Behavioural intentions as well as action planning can facilitate the adoption and maintenance of physical activity under certain conditions. The present study examined levels of plan‐specific self‐efficacy and habit strength as possible conditions that may modify this relationship. Design:
As a secondary analysis of a larger randomized trial to improve physical activity, n = 225 recipients of a planning intervention were followed up at five measurement points over one year. Methods:
Two‐level models were fit. Within‐person levels, that is, fluctuations of intention and action planning around person means, were modelled to predict self‐reported moderate‐to‐vigorous physical activity. Moreover, between‐person, that is, average person, levels of self‐efficacy and habit strength were specified as putative moderators of this relationship. Results:
The within‐person intention–activity relationship was moderated by between‐person levels of habit strength, yielding a compensatory effect: higher‐than‐usual intention predicted physical activity only when average activity habit levels were low. The within‐person planning–activity relationship was moderated by between‐person levels of self‐efficacy, yielding a synergistic effect: higher‐than‐usual planning combined with high average self‐efficacy resulted in highest physical activity levels. Conclusion:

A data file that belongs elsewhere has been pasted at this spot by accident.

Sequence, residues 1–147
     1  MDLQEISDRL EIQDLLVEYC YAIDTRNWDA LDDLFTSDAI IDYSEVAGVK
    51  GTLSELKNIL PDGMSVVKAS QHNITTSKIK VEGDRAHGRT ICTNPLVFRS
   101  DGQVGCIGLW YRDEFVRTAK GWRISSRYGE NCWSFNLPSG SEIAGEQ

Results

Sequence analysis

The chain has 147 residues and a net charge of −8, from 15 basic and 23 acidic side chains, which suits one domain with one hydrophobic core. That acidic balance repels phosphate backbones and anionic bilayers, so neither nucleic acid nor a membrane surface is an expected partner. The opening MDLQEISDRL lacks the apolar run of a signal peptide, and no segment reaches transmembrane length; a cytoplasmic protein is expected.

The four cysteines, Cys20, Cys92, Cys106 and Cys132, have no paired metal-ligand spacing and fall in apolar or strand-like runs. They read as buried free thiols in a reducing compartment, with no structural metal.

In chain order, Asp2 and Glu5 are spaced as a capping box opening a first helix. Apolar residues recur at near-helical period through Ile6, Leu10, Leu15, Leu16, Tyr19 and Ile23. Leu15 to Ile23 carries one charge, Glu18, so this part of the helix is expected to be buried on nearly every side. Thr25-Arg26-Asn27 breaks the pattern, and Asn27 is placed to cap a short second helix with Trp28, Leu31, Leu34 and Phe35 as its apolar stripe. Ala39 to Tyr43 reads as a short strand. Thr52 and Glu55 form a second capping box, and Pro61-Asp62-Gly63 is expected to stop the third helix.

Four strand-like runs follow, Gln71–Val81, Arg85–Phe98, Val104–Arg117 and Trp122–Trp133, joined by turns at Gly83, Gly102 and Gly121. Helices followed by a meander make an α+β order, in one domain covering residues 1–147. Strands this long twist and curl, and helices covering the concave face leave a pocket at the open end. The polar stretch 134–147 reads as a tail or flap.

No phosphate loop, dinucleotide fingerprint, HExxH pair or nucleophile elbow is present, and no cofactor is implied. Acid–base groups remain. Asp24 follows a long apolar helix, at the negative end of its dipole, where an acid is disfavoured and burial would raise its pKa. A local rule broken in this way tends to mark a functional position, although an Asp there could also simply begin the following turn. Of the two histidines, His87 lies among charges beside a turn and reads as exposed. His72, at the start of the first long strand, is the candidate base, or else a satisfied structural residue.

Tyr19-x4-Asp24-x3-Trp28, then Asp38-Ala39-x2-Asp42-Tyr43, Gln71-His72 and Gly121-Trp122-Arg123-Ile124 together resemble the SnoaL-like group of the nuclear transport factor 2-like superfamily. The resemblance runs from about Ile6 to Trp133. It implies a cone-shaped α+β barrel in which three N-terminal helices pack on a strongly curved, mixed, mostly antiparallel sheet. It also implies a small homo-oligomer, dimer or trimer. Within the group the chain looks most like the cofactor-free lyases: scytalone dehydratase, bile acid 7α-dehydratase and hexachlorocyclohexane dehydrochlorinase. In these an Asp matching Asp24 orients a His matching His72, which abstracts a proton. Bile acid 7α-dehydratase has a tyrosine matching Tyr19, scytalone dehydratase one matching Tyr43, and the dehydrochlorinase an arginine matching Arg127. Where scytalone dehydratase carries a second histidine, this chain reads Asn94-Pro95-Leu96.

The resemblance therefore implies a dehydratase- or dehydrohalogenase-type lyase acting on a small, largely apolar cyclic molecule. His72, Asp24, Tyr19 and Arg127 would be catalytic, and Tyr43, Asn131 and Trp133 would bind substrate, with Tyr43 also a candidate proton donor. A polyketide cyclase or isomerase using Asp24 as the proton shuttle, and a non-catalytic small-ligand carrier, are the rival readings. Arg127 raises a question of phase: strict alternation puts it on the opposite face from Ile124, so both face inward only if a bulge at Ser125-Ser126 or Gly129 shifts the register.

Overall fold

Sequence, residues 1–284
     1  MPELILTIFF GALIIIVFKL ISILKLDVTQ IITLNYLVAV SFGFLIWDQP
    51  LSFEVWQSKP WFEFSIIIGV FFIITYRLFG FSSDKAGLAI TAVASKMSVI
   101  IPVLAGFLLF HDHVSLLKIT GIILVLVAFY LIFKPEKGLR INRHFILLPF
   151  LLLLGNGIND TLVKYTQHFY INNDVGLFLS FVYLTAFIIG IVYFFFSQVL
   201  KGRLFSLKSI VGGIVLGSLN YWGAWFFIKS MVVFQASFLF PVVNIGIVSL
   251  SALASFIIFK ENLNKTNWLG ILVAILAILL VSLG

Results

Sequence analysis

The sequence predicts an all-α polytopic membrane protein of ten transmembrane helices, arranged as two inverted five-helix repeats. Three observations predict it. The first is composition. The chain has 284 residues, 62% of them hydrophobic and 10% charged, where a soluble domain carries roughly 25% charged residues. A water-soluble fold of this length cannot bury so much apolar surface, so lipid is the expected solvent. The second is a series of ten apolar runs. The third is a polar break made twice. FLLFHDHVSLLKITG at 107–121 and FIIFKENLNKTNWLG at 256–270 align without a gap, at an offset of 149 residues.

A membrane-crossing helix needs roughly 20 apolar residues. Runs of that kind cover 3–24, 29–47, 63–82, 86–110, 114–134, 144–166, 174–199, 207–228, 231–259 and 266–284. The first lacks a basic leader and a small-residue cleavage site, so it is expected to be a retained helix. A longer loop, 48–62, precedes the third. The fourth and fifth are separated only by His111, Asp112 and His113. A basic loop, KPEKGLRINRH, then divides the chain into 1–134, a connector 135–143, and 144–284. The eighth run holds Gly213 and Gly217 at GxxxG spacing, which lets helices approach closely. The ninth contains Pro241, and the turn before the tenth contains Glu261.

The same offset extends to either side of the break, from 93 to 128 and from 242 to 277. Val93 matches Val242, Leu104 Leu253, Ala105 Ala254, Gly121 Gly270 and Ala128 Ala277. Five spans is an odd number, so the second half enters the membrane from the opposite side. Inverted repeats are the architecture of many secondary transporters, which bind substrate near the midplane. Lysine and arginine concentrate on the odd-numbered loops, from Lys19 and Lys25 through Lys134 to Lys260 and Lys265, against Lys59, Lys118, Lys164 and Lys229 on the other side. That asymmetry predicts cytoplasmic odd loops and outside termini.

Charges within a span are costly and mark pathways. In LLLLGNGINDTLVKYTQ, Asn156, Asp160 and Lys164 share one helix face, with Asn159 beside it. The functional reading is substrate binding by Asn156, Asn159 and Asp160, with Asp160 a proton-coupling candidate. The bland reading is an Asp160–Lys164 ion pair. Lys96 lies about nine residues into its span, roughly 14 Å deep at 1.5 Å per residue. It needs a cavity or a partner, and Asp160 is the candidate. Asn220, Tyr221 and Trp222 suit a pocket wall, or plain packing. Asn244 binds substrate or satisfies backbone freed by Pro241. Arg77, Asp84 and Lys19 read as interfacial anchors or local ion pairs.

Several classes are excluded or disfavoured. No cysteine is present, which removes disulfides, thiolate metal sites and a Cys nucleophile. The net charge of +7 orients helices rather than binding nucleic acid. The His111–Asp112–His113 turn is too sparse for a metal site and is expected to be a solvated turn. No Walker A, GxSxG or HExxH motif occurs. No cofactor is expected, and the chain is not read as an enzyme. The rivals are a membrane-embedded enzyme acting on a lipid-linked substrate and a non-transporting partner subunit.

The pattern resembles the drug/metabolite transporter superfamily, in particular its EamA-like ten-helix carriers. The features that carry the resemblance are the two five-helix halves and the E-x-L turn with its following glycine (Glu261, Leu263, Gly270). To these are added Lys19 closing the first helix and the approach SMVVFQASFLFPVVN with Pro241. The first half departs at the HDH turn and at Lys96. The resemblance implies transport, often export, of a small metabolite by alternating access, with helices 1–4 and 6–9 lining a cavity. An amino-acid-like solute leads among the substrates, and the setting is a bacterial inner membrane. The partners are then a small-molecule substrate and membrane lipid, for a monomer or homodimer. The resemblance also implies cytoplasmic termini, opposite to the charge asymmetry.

Higher‐than‐usual intention may only be required in the presence of low activity habits. Moreover, high self‐efficacy seems to be required to translate higher‐than‐usual action planning into augmented physical activity because self‐efficacious individuals may invest more efforts to enact their plans.